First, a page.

TOKYO -- Apple's iPhone has become a cradle for entire new industries in its 10 years in people's hands, bringing features like mobile internet connectivity and cameras into everyday lives and upending traditional orders of business.
In January 2007, the late Steve Jobs -- then Apple's renowned CEO -- told a San Francisco tech conference he had three products to introduce: a portable music player with touch controls, a "revolutionary" mobile phone, and a "breakthrough" internet communications device. He strung the crowd along for a moment, repeating the three products, then: "Are you getting it? These are not three separate devices. This is one device, and we are calling it iPhone," he finished to waves of applause.
The announcement, for all its quintessentially Jobsian theatrics, foreshadowed what was to come. Smartphones, the iPhone included, have eaten away one by one at the markets for portable music players, traditional cell phones and the personal computers that once dominated internet use.
Worldwide PC shipments have slid to 269 million units in 2016 from a 2011 peak of 365 million, according to U.S. market researcher Gartner. Companies that once led the PC and software markets, such as Microsoft and Intel, have seen their presence ebb in the stock market.
More than 1.4 billion smartphones shipped worldwide in 2016, and just over 200 million of those were Apple products. Nearly all the rest used the Google-made Android operating system. This heavily consolidated, massive platform has been fertile ground for new industries.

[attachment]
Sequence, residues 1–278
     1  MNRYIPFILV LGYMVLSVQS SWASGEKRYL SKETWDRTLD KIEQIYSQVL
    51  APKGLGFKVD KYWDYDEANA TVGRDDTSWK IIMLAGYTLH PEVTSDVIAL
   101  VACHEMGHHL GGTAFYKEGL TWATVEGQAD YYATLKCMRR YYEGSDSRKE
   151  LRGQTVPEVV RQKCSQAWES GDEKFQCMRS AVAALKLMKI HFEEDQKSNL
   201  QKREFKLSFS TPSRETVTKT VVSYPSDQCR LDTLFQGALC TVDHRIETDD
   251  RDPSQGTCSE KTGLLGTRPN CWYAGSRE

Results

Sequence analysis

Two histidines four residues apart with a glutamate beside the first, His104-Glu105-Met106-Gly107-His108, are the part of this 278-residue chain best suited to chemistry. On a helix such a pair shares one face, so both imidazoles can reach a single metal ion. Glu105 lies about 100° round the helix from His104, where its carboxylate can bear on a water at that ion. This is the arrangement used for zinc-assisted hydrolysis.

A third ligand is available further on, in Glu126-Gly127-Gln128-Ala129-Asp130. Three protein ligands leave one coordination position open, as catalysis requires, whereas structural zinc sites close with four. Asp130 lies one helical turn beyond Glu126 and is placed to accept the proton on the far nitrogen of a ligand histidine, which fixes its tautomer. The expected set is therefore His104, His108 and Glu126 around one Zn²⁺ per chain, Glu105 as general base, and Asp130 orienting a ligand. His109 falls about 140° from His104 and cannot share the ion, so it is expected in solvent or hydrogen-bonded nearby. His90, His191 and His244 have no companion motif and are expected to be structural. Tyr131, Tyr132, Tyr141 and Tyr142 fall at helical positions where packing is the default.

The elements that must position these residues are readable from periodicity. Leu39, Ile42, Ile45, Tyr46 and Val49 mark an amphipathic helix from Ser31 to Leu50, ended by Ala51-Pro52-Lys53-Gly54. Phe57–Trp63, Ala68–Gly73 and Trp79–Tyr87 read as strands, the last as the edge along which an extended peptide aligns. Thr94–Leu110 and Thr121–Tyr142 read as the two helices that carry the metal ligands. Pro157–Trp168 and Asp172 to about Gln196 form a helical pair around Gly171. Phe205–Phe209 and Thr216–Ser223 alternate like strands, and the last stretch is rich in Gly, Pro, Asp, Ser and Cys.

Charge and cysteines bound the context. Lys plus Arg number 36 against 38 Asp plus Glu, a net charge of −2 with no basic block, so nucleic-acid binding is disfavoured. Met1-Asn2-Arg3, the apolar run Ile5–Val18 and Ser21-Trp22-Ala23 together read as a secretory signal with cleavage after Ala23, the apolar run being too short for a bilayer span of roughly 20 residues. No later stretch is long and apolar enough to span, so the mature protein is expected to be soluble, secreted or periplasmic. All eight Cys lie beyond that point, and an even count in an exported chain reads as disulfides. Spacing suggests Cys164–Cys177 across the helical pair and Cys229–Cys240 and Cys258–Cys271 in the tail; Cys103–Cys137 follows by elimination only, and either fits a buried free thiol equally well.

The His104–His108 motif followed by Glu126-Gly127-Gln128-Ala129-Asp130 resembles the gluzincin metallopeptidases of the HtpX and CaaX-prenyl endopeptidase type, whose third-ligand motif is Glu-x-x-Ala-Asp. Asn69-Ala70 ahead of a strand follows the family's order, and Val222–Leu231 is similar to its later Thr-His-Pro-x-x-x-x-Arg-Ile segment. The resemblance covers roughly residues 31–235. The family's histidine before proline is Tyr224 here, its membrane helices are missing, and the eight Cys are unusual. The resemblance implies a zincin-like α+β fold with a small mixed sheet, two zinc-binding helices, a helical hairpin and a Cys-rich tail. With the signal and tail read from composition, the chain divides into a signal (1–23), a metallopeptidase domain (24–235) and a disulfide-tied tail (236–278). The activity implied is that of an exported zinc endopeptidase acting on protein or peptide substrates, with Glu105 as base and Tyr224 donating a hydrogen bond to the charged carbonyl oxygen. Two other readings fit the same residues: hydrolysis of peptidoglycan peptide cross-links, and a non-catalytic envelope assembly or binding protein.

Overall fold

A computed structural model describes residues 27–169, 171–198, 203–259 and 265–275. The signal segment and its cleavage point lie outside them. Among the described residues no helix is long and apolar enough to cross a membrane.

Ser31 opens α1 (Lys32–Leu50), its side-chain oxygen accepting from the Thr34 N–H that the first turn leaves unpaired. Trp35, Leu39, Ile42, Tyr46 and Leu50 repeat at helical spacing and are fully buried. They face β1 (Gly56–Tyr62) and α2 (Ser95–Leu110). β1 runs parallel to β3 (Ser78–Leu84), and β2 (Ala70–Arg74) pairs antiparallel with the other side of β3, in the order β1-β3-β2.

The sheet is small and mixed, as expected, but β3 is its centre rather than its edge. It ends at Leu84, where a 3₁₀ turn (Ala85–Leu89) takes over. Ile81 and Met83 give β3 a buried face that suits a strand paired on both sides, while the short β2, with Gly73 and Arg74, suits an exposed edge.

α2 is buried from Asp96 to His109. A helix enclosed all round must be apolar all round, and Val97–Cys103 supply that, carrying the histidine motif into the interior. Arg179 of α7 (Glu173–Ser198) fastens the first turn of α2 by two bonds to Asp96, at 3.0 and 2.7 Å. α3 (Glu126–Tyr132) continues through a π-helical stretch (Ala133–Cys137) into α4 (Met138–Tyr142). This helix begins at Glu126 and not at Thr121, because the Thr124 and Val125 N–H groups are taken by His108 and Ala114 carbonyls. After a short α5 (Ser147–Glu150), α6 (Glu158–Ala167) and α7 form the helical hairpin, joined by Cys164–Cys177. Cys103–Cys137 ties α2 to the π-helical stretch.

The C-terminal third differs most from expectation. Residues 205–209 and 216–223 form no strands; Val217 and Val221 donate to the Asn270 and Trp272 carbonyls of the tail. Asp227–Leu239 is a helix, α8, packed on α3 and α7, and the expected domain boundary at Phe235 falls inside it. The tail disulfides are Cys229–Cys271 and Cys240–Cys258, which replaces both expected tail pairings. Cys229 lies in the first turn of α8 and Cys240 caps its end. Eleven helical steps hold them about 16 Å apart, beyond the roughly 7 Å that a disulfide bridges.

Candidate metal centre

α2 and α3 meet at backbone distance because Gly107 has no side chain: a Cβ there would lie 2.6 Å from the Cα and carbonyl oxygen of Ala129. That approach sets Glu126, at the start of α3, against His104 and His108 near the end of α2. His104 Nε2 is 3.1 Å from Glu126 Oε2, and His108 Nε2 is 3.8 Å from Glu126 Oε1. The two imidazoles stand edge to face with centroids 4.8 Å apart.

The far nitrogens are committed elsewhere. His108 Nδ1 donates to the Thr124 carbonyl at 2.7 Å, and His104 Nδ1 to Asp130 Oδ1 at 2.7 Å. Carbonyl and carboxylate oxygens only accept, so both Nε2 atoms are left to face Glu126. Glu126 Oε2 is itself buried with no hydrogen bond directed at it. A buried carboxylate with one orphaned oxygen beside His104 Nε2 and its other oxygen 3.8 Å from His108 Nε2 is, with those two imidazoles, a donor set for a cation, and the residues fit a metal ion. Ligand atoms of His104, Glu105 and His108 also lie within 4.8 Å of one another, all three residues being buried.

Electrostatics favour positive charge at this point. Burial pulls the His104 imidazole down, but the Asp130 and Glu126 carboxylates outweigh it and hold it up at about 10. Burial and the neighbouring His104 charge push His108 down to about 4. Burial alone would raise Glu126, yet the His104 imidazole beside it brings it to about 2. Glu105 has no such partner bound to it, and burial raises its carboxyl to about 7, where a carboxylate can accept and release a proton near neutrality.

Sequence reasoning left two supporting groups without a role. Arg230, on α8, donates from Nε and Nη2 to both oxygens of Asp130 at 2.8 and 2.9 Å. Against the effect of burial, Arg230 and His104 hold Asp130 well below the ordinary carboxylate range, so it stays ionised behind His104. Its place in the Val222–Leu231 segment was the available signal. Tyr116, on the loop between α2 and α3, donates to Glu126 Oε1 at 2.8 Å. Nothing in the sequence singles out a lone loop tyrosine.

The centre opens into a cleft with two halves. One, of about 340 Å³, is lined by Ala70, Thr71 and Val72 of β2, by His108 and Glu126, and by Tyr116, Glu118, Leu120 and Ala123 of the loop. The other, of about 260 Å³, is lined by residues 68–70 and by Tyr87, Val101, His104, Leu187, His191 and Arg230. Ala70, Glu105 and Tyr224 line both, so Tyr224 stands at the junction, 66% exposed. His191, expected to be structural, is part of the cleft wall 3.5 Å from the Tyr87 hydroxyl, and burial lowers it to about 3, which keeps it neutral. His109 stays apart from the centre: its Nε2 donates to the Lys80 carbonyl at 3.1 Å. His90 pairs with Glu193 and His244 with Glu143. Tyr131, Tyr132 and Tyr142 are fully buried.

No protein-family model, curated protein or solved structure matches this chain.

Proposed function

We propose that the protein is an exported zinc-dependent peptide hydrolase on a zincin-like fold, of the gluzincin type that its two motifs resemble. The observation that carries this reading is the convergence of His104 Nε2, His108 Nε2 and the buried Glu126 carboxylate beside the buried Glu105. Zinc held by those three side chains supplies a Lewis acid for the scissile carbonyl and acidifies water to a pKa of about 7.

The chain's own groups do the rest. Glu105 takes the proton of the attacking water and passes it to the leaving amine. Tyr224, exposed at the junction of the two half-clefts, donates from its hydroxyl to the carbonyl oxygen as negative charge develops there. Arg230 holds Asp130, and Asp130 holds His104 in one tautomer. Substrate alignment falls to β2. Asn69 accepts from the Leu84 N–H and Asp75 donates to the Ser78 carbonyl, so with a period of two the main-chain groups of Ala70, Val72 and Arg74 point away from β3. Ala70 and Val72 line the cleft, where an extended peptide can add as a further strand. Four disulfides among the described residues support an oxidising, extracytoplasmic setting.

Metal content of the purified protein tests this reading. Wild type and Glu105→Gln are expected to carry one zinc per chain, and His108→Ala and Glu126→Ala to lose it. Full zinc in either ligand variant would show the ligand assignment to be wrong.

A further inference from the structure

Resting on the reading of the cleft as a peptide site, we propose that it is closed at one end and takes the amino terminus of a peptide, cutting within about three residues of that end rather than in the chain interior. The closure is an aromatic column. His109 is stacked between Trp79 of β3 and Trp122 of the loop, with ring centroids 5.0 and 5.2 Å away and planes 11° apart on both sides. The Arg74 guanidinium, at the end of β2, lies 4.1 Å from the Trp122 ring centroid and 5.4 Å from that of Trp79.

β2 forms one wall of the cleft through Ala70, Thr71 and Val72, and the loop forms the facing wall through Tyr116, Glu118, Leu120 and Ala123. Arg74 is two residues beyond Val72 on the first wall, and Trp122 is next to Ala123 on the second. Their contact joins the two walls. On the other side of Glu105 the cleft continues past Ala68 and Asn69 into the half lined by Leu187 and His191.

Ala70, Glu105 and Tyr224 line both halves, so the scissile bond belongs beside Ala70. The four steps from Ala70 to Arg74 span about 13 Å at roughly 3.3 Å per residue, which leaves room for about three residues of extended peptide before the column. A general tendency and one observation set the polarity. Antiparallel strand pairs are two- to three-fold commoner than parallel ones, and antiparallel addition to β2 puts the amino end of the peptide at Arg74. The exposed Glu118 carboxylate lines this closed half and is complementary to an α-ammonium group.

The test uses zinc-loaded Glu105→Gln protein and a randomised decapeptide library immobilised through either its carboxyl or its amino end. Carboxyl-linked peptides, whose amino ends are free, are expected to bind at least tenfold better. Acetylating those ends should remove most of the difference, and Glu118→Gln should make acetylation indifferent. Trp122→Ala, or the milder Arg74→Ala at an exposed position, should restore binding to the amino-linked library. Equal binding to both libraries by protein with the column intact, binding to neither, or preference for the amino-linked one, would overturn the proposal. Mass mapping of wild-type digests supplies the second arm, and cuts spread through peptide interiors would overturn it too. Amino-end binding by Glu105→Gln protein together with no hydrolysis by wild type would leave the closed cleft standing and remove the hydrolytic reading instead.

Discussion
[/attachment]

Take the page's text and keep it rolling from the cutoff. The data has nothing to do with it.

Facebook, the social networking megalith, has made heavy use of smartphone features like cameras and location data to expand its base, reaching more than 2 billion monthly users. Services such as ride-hailing and mobile payment would not exist without smartphones, portable and able to provide personal authentication.
One company that owes its rise to smartphones is Japan's Mercari, which is credited as the country's first "unicorn," an unlisted startup whose market value surpasses $1 billion. Mercari, which runs a person-to-person online goods marketplace, has seen its app pass 75 million downloads. Chairman and co-founder Shintaro Yamada has said he would never have thought to form the company if not for smartphones and their user-friendliness.
The parts and factories needed for smartphones' huge production scale have themselves given rise to new platforms. China's Shenzhen -- home to an iPhone contract production plant for Taiwan's Hon Hai Precision Industry, better known as Foxconn -- features a huge electronics quarter in the vein of Tokyo's famed Akihabara, with lines of stores selling electronic components.
A host of startups developing and manufacturing drones, seen as the drivers of another new industry, are drawing eyes in Shenzhen right now. The location gives them easy access to cheap parts and plentiful factory space, both products of smartphone mass production. One district is said to hold 300 such companies jostling together, and it was here that DJI, the global leader with a 70% market share for civilian drones, was born.
"You can order the parts you need at night and receive them the next morning," says a DJI executive, "so you can develop new products quickly."
Drone businesses across the globe are feeling the pressure to either compete or make nice with DJI and its Shenzhen brethren. Many face the pressing question of how to handle a competitive environment redrawn by the iPhone and smartphones as a whole.